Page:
[The field activity survey numbers (for example, 2009-002-FA) are also abbreviated (for example, 09002) in parentheses.]

Survey

Vessel

Begin Date

End Date

Backscatter

Seismics

Bathymetry

2009-002-FA
(09002)

Megan T. Miller

28-May-09

18-Jun-09

Klein 3000
132 kHz

EdgeTech 512i
0.5-12 kHz

SWATHplus
234 kHz

2010-004-FA
(10004)

Megan T. Miller

15-May-10

4-Jun-10

Klein 3000
132 kHz

EdgeTech 512i
0.5-12 kHz

SWATHplus
234 kHz

2011-004-FA
(11004)

Scarlett Isabella

7-May-11

17-May-11

Klein 3000
132 kHz

EdgeTech 512i
0.5-12 kHz

SWATHplus
234 kHz

Bathymetry

Approximately 340 km2 of bathymetric data were acquired using a Systems Engineering & Assessment, Ltd. (SEA) SWATHplus interferometric sonar operating at a frequency of 234 kilohertz (kHz) (fig. 3; table 1). During surveys 2009-002-FA and 2010-004-FA, the sonar transducers were mounted on a rigid pole from the starboard side of the M/V Megan T. Miller (fig. 2A), about 2.4 meters (m) below the water line. During survey 2011-004-FA, the sonar transducers were mounted on a rigid pole from the port side of the M/V Scarlett Isabella (fig. 2B) about 2.17 m below the water line. A motion reference unit (Coda Octopus F180) was mounted directly above the sonar transducers and continuously measured vertical displacement (heave) and attitude (pitch and roll) of the vessel during data acquisition. Sound-velocity profiles were collected approximately every 2 hours using a hand-casted Applied MicroSystems SV Plus sound velocimeter (2009-002-FA) or an ODIM Brooke Ocean MVP30 moving vessel profiler (2010-004-FA and 2011-004-FA). Data were collected with a sonar transmit power of 6 to 8 (on a relative scale ranging from 1 to 15 representing 0 to 100 percent power levels), transmit length of 12 to 43 cycles, and a receive length of 3,072 or 4,096 samples, depending on the survey.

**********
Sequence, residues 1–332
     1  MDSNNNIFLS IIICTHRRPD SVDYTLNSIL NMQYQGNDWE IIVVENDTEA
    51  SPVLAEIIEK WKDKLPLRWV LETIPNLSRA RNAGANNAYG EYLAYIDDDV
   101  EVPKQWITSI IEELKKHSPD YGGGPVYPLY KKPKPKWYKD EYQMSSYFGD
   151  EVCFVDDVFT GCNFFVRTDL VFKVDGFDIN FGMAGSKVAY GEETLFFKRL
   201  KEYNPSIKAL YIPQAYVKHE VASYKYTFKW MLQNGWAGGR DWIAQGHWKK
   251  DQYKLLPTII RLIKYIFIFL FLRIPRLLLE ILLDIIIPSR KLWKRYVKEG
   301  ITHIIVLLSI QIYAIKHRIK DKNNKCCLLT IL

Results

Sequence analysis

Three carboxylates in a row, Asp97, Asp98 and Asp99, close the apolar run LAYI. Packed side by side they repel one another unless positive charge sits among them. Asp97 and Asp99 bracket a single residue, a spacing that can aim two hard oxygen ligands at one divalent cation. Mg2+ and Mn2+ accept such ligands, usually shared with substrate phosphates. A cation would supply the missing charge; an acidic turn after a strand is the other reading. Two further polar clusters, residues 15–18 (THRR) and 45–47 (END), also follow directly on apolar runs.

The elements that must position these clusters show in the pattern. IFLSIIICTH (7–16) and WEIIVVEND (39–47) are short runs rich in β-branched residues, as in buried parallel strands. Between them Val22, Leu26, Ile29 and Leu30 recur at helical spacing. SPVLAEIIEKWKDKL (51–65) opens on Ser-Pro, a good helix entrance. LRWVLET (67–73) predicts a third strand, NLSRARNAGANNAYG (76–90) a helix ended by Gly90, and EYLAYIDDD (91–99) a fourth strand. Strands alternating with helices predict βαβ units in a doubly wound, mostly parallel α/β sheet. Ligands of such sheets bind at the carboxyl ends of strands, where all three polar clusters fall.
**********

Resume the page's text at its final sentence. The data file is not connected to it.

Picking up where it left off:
Navigation was recorded with a Global Positioning System (GPS) antenna mounted on top of the pole, directly above the SWATHplus transducers. Horizontal and vertical offsets between navigation and attitude antennas and the SWATHplus transducers were applied during acquisition in the configuration files for the SWATHplus and Coda Octopus F180 software. Data were collected along approximately 3,920 kilometers (km) of tracklines spaced 75 to 100 m apart to obtain overlapping swaths of data and complete coverage of the seafloor (fig. 4). The average speed of the survey vessel was 5 knots (nautical miles per hour). The swath width collected by the SWATHplus system was adjusted based on the trackline spacing for the specific survey.

Differential Global Positioning System (DGPS) navigation was used to determine the horizontal position (x- and y-coordinates) of the GPS antenna mounted above the SWATHplus transducers with centimeter accuracy. The vertical height of the antenna was determined by real-time kinematic (RTK) GPS-corrected coordinates that were transmitted to the survey vessel from a base station established at the USGS Marine Operations Facility (MOF) in Falmouth, Massachusetts (fig. 1). Vertical water-level heights were referenced to Mean Lower Low Water (MLLW) datum using the value published for the tidal benchmark (National Ocean Service identification number 8447930) located in Woods Hole, Massachusetts. GPS calibration measurements were made at the vertical benchmarks and referenced to the MOF base station. SWATHplus acquisition software and the CARIS Hydrographic Information Processing Software (HIPS) were used to process the raw bathymetric soundings. Navigation data were inspected and edited to eliminate erroneous fixes. Soundings were adjusted using corrections from the motion reference unit (MRU), RTK-GPS water-level heights, and sound-velocity profile data. Spurious soundings were eliminated, and the final processed soundings were gridded at a resolution of 5-m per pixel (fig. 3). The bathymetric tracklines, 5-m depth grid, and 5-m hill-shaded grid are available in appendix 1.

Acoustic Backscatter